By Tom Baxter
The verdict which came down Friday in the Stacey Kalberman trial was bad news for Gov. Nathan Deal. Worse still was the enthusiasm with which that verdict was rendered.
You just don’t see that many discharged juries flocking around the successful plaintiff to embrace and congratulate her very often at the end of a civil suit. That was the scene last week after Kalberman, the former state Ethics Commission director, was awarded $700,000 in damages, plus court costs and back pay to kick the state’s tab up over a million, for being fired in retaliation for her tough investigation of Deal’s 2010 campaign finances.
It took only 2 1/2 hours for the jury to come back with its verdict, but it didn’t take that long for them to decide the case, one juror said. They were just figuring out how high the damages should be. They laughed off the state’s argument that Kalberman was let go as a cost-cutting measure, and wondered why the state even contested her case. For them, the most damaging testimony came from the governor’s own allies. This isn’t the kind of thing the state’s legal team wants to hear, with two similar whistleblower cases teed up after this one.
In its response, Deal’s office held up Superior Court Judge Ural Glanville’s ruling that Deal didn’t have to testify in this trial as proof that it was an “internal dispute” involving the commission and its staff, with no relevance or connection at all to the governor whom the commission and its staff were at odds over.
This might make legal sense, but from a political perspective you have to wonder if Deal might have been better off accepting a subpoena and giving a forceful defense of himself on the stand. The problem isn’t going to go away. At some point Deal has to address the issue more directly than he has so far, unless he decides that he can avoid it and win anyway.
Deal won the governor’s office in 2010 in the face of a furious attack on his personal ethics by the Roy Barnes campaign, so the strong temptation may be to stand pat. But this is a different year and a different set of election dynamics. They say the cover-up can be worse than the crime, and what this series of trials amounts to is a long parade of witnesses attesting to a cover-up.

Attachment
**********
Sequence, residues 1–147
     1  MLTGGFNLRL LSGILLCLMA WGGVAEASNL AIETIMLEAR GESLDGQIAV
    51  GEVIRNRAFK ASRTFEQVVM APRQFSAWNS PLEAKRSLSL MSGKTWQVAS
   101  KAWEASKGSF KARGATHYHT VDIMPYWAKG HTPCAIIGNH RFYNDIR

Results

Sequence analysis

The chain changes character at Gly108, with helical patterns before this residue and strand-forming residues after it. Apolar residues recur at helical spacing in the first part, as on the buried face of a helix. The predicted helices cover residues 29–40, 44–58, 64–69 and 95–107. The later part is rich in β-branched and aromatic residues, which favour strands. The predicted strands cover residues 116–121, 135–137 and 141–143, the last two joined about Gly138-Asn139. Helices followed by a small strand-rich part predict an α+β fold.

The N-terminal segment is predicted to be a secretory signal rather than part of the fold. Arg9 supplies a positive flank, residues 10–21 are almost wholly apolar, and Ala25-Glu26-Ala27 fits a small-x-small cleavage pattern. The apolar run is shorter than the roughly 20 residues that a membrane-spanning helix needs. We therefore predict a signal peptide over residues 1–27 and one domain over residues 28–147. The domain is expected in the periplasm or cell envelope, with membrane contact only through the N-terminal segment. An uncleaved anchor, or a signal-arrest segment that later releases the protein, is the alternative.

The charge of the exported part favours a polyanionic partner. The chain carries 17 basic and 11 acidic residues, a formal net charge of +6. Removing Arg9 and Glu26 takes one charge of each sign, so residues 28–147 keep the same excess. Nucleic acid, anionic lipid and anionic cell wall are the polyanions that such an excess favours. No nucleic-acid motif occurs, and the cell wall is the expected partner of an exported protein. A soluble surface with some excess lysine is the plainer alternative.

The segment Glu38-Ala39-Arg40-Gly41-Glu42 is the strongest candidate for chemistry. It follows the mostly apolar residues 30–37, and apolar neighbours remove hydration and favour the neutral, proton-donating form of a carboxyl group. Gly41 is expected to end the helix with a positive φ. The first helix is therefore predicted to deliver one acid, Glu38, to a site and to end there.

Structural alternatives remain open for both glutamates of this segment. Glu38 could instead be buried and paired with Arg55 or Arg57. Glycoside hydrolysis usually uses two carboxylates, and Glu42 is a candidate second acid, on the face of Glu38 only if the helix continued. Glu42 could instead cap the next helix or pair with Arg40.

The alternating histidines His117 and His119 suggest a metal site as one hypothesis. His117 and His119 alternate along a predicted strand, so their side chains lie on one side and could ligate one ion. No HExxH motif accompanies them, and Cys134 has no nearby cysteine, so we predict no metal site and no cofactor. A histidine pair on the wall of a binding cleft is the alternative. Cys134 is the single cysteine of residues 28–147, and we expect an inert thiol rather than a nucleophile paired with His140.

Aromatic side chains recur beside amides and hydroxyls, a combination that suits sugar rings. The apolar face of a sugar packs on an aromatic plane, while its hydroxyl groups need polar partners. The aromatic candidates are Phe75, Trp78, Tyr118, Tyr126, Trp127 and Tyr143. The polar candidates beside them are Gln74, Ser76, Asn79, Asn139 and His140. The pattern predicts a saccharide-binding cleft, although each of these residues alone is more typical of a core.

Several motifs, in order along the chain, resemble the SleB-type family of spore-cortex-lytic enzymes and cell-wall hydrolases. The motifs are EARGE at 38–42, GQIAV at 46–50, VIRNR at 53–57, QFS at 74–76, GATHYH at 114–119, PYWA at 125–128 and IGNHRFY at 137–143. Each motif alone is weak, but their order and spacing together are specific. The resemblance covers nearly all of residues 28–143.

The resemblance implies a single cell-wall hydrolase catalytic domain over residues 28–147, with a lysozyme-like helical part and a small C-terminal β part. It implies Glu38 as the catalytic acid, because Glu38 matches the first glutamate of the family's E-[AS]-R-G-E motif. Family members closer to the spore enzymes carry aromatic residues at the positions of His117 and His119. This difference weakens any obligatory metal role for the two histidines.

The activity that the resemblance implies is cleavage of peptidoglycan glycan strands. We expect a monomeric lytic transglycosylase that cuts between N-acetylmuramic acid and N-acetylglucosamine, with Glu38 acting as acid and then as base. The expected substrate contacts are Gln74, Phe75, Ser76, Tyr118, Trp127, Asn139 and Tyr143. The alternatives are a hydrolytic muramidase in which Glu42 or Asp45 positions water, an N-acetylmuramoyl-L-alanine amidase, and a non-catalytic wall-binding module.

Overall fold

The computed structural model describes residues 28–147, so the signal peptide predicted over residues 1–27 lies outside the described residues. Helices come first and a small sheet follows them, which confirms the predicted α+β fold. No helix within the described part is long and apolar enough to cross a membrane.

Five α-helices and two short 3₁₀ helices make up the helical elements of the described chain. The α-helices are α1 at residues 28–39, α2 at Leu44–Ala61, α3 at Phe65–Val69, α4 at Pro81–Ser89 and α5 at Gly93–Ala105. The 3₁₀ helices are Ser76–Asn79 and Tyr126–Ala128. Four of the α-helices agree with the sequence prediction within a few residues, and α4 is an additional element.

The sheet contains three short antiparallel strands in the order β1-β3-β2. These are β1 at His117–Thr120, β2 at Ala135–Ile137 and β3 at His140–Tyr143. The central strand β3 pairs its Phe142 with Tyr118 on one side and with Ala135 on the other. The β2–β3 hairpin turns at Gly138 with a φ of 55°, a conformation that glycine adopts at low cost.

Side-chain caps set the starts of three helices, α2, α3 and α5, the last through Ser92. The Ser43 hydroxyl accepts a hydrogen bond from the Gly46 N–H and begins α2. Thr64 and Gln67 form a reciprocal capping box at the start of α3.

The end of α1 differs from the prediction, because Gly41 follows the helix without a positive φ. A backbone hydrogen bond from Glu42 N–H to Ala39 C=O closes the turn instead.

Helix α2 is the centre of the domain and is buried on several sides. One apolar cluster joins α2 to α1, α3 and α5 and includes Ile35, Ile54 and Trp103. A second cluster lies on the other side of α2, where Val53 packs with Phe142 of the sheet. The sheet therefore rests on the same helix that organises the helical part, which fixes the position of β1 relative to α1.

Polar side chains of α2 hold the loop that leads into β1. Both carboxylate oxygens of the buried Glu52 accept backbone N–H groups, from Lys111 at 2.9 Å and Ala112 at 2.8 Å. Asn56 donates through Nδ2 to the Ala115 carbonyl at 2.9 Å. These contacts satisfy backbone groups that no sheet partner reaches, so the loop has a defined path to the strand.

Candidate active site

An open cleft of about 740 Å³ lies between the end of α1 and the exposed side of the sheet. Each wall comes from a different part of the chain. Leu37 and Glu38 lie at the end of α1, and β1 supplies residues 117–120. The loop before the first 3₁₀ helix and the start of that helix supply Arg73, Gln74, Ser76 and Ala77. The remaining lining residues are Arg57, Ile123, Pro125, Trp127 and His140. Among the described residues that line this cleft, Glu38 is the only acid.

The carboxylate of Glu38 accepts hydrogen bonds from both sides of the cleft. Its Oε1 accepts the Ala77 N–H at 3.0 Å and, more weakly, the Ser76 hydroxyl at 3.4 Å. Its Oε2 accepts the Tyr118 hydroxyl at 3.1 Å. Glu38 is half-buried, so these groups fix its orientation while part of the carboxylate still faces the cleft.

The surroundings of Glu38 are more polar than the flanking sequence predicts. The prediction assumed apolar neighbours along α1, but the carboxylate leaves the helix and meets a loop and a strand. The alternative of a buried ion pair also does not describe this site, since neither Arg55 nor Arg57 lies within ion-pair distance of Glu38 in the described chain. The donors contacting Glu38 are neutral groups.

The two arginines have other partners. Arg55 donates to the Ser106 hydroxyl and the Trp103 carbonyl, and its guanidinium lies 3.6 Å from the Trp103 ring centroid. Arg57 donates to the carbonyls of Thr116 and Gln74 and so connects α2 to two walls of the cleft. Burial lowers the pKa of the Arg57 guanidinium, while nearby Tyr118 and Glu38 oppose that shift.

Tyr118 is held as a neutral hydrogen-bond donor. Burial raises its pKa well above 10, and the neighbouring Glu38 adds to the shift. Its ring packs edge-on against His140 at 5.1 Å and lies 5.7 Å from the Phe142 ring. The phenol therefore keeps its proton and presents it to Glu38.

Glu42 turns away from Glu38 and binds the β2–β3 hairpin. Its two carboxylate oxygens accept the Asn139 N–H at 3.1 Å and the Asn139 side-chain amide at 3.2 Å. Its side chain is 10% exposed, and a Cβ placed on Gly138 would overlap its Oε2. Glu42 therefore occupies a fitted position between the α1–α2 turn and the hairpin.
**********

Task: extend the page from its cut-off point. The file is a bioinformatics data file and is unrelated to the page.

To gauge the real impact of Deal’s continuing ethics problems on the election, it would be good to know what’s going on in the heads of the Sherry Streickers of our state. Not Streicker personally: we have to assume that as the plaintiff in the next whistleblower case, the commission’s former deputy director may not be disposed to vote for the incumbent.
However, when asked on the stand last week if her investigation of Deal’s campaign finances was politically motivated, her answer was “Hell, no,” according to the Fulton Daily Report.
“I’m a Republican, always have been,” she said.
If enough people of like mind, staunch Republicans or Republican-leaning independents, are affected enough by this case to vote against Deal in the primary next month, or pass over his name in November, he has a problem. If they decide to ignore it, he probably defeats Democrat Jason Carter, maybe in a race a hair closer than the last two or three presidential election results in this state.
The greatest political bumper sticker of all time was the one sported by supporters of former Louisiana Gov. Edwin Edwards in his 1991 race against Kluxer David Duke: “Vote for the crook: It’s important.” Our politics not being so flamboyant, we shouldn’t expect anything similar from Deal’s supporters, but much of the blog chatter about this race amounts to the same argument. The trick is going to be to make Carter seem as scary as Duke.
Politicians who want to bury their bad news release it on a Friday afternoon, so perhaps the timing of last week’s verdict was a stroke of good luck for Deal. But with two more whistleblower cases and a federal investigation still in the air, that’s only slight consolation.
“They try to drag me into it,” Deal told the AJC’s Greg Bluestein, “I have no involvement whatsoever.” You can almost hear the Democratic campaign ad now, citing a litany of the state’s problems with those words as a refrain.